Erdogan also said that they discussed the extension of Blue Stream II to transport Russian gas to Israel, Lebanon and even Cyprus. Blue Stream, running underneath the Black Sea, is the second route carrying Russian gas to Turkey. Moscow previously raised the possibility that it could use Blue Stream II in order to transport gas to Europe, but this option was rejected, since it contradicted Nabucco and Russia sought to use Turkey only as a transportation route. Now, Ankara wants to revive it as part of a North-South corridor. Based on the leaders’ statements, it appears that the existing capacity of Blue Stream might be improved and gas could be transferred to the Mediterranean through this pipeline.

However, although Erdogan praised this development as another major success, there is no guarantee that Russia will grant “re-export rights,” which indicates that if Blue Stream II is implemented, Moscow will continue to view Turkish territory as a mere conduit for its gas, which raises the question: how will Turkey benefit from the agreement? Russian priorities also involve Turkey’s first nuclear power plant tender, which was awarded to a Russian-Turkish consortium. As the original price was too high, the tender has long awaited cabinet approval (EDM, January 26). Meanwhile, the Russian side lowered the price, and offered a compromise. Prior to Putin’s visit, it was expected that with further “bargaining,” a final deal might be reached, but apparently it failed. Nevertheless, Ankara and Moscow signed protocols regarding energy cooperation, including the use of nuclear energy for peaceful purposes, early notification of accidents, exchange of information on facilities, and to continue talks on the nuclear tender.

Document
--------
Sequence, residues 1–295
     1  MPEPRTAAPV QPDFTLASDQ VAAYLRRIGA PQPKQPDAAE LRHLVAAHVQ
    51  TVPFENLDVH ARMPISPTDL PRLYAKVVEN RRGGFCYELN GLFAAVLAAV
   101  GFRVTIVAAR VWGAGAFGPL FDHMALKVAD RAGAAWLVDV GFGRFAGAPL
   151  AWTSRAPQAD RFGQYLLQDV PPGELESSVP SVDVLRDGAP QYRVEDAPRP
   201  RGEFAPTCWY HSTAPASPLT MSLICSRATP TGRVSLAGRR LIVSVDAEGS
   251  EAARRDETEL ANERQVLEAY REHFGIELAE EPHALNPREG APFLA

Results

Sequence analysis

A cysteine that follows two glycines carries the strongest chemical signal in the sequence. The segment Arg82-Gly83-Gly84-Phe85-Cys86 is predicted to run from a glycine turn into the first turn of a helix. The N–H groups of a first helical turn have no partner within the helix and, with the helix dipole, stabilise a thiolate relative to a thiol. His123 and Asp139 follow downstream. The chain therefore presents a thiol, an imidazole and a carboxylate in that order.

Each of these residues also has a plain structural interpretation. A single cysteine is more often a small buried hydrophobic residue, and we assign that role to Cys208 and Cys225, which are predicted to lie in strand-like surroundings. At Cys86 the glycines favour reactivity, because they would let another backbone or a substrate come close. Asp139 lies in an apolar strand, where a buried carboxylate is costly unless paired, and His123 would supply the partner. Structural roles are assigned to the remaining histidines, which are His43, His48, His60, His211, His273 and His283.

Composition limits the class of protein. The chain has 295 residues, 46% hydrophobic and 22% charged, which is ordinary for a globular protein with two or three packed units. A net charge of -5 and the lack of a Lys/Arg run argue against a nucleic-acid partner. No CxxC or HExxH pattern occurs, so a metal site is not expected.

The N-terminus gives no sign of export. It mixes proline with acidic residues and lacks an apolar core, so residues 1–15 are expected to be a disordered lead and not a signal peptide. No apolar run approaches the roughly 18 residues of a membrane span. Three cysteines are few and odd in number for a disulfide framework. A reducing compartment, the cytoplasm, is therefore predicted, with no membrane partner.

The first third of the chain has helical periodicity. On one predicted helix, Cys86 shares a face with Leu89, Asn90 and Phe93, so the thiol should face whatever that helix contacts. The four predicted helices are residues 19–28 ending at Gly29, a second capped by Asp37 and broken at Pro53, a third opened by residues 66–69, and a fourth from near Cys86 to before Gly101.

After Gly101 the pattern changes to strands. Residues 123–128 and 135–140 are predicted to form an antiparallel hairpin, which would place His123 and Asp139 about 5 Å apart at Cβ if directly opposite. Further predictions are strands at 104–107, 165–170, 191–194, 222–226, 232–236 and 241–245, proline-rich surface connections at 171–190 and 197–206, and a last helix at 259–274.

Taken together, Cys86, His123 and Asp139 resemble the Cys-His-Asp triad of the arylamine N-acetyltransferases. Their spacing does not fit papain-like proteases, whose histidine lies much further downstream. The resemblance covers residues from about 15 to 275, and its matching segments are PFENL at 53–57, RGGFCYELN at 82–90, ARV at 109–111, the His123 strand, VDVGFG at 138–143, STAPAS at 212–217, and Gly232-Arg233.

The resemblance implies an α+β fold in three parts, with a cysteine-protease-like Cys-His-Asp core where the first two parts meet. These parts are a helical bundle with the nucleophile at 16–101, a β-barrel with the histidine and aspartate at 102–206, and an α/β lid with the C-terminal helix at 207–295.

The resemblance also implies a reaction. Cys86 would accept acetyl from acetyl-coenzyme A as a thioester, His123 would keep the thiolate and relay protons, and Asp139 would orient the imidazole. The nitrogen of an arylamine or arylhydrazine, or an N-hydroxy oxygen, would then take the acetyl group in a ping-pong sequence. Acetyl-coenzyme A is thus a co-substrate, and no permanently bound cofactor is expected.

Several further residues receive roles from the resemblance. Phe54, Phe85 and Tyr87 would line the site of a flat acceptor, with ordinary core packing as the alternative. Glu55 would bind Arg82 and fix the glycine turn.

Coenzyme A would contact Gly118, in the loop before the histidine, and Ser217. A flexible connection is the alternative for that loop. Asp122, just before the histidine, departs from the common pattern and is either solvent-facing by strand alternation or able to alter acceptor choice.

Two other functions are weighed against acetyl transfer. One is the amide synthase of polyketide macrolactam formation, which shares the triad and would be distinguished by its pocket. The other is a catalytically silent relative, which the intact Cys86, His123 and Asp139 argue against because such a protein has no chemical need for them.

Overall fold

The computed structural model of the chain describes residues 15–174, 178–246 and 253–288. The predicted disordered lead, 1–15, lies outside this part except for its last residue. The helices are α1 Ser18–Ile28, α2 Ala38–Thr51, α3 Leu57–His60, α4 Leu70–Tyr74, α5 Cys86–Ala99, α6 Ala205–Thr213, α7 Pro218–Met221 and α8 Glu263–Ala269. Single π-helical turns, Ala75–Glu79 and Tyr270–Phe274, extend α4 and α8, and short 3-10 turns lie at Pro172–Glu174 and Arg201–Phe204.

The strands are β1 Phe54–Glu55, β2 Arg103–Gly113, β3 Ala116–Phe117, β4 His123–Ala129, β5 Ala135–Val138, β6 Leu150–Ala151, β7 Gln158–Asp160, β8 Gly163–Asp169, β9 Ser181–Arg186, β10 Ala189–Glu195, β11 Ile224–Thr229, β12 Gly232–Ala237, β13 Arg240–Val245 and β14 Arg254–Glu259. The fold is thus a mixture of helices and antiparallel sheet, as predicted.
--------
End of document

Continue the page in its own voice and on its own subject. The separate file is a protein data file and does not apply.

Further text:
The most controversial development is perhaps Ankara’s support for South Stream. Erdogan reiterated his belief that Nabucco and South Stream are complementary, yet turned a blind eye to several Russian officials’ (including Putin) statements to the contrary. It is assumed in Ankara that growing European energy demand will accommodate both projects; but this ignores the competition between both projects over the same downstream markets. Moreover, the Turkish side fails to appreciate the challenges Russia is facing in investing in its domestic gas industry, and acts on the assumption that “Russia has enormous reserves,” while failing to realize that Russia is also planning to tap into the same upstream producers, namely Central Asian and Caspian gas, just as the Nabucco project envisages (www.ntvmsnbc.com, August 6).

Putin also added that a consensus was reached on Russia building gas storage facilities in the Salt Lake. Taken together with the announced joint investments between Turkish and Russian firms, including Gazprom, it is unclear whether the Turkish government recognizes the consequences of these decisions. Russia has effectively used the practice of co-opting the gas infrastructure of transport and consumer countries, as part of its efforts to monopolize downstream markets. It is unclear how this penetration into the Turkish grid might affect Ankara’s future energy policies.